It’s got to be a bubble, don’t you think? How is it sustainable that we have 145 startups, each valued at over a billion dollars? Nine of them are storage startups, by the way.
TechCrunch has compiled a table of 145 startup unicorns – companies valued at more than a billion dollars. Uber tops the list at $51bn, with total funding of $6.6bn. It’s followed by Xiaomi at $45bn and Airbnb at $25.5bn.
The storage unicorns in the list are:
- Dropbox at $10.35bn and $600m funding – File sync ’n' share
- Cloudera at $4.1bn and $1.94bn funding – Big Data, Hadoop and analytics
- Pure Storage at $3.23bn and $470m funding – All-flash arrays
- Nutanix at $2.14bn and $312m funding – Hyper-converged infrastructure appliances
- MongoDB at $1.35bn and $311m funding – Scale-out, distributed databases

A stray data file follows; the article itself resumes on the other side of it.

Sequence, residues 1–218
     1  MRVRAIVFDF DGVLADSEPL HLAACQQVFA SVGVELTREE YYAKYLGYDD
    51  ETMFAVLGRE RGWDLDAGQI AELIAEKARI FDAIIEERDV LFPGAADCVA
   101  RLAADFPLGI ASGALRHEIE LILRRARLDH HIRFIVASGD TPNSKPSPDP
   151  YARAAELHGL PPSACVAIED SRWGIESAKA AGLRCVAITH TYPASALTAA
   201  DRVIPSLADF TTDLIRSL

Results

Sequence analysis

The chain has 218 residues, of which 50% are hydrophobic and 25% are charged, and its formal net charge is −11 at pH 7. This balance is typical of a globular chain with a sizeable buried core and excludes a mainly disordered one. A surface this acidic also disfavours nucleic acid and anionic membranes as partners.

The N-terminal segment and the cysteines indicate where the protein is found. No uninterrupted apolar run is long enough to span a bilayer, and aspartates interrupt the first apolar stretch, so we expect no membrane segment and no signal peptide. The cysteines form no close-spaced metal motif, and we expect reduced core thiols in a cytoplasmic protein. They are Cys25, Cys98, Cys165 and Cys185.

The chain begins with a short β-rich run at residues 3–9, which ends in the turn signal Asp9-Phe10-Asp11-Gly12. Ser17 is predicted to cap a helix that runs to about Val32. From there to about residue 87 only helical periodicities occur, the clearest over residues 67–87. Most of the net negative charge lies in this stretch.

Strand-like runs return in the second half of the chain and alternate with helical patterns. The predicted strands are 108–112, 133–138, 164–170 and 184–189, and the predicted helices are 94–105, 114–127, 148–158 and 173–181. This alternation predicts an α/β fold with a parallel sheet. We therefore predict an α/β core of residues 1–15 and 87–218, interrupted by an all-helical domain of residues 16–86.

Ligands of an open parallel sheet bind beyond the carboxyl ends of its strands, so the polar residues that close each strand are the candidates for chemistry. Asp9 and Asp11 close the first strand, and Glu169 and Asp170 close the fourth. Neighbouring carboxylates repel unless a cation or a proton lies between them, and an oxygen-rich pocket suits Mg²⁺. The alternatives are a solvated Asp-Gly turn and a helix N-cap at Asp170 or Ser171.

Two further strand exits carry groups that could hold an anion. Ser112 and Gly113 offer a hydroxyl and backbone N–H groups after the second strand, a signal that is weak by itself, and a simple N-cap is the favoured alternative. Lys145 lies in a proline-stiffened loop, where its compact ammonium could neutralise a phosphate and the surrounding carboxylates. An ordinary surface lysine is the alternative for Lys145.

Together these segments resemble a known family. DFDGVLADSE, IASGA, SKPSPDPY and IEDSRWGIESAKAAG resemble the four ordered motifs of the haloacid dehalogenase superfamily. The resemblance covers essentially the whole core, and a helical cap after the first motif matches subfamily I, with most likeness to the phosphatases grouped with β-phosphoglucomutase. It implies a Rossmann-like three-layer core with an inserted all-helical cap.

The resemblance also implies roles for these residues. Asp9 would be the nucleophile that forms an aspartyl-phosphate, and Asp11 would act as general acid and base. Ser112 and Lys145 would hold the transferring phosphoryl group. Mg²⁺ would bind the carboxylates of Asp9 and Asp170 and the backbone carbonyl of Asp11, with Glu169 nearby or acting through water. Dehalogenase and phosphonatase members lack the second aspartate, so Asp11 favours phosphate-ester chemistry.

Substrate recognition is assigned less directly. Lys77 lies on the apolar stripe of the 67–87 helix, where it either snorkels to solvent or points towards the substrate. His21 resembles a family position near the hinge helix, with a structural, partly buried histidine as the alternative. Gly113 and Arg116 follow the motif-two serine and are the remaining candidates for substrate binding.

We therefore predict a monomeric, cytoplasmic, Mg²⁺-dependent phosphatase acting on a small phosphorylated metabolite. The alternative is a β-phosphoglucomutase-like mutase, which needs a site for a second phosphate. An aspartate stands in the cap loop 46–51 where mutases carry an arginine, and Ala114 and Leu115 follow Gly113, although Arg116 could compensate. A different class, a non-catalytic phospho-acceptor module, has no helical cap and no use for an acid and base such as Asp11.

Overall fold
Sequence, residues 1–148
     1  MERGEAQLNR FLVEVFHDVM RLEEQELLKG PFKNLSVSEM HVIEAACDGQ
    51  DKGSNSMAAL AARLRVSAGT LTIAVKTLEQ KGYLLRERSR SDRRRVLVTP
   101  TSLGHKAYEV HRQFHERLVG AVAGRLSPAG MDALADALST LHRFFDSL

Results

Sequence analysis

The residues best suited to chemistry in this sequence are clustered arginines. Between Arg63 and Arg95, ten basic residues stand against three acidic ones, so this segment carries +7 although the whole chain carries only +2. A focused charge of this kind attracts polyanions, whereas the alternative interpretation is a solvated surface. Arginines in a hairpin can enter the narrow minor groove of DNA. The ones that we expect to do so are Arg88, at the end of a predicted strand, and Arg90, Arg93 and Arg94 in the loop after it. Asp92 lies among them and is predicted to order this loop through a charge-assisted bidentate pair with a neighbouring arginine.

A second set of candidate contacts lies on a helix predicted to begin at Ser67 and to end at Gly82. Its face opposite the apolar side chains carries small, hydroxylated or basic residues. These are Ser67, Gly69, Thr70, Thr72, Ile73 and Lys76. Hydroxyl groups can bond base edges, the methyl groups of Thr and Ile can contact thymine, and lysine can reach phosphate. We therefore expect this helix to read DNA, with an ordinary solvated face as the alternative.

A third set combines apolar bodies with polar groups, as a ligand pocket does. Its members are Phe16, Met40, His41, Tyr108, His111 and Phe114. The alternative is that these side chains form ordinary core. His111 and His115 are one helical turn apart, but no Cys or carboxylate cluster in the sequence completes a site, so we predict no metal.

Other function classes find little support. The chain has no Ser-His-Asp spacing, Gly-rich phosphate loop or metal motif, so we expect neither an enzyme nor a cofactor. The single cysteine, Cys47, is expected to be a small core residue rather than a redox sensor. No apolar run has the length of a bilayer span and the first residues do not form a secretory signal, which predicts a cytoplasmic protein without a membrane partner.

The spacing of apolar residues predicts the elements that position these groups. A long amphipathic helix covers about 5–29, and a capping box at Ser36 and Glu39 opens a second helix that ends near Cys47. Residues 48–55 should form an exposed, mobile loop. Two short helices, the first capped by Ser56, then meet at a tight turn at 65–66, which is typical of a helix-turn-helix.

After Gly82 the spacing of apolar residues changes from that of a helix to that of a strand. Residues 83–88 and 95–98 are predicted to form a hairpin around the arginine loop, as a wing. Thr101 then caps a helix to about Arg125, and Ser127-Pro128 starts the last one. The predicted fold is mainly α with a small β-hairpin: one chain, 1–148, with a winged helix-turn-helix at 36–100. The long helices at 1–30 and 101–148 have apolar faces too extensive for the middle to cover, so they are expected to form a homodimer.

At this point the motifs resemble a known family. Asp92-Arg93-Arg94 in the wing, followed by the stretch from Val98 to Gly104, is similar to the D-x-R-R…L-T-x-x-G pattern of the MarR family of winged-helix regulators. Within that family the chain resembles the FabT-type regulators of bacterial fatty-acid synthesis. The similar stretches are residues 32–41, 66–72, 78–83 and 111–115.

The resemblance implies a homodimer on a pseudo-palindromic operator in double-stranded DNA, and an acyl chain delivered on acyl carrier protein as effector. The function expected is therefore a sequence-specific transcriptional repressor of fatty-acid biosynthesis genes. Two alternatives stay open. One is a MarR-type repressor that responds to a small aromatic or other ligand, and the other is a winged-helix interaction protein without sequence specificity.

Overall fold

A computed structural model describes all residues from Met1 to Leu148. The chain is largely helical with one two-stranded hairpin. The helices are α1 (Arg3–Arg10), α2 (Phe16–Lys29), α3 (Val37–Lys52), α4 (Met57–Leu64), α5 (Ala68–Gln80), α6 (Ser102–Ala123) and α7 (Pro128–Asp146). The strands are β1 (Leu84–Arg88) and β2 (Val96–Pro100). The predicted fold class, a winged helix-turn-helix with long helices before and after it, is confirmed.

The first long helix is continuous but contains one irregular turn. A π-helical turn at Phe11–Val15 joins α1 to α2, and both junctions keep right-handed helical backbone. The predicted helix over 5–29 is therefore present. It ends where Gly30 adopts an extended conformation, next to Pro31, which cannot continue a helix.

- Infinidat at $1.2bn and $230m funding – Relatively old-style but re-invented high-end enterprise arrays
- Actifio at $1.1bn and $208m funding – Copy data management
- Simplivity at $1.03bn and $277m funding – Hyper-converged infrastructure appliances
- Tintri – VM-centric hybrid array, although no figures were given.
Box, which has now IPO’d, was the only previous storage unicorn in TechCrunch’s list, with a $2.4bn valuation in July 2014 and a market capitalisation of $1.56bn
TechCrunch also has an emerging unicorns list; 37 private companies with a valuation between $500m and not quite $1bn. The single storage representative is Delphix at $981m with $120m funding. We’re surprised Tintri hybrid array competitor Tegile isn’t on the list.
Are we in a storage startup valuation bubble? The first test of storage unicornality is going to be the Pure Storage IPO. If that works, showing that bubble ideas are wrong, then we can expect Tintri, Tegile and others to follow closely behind. ®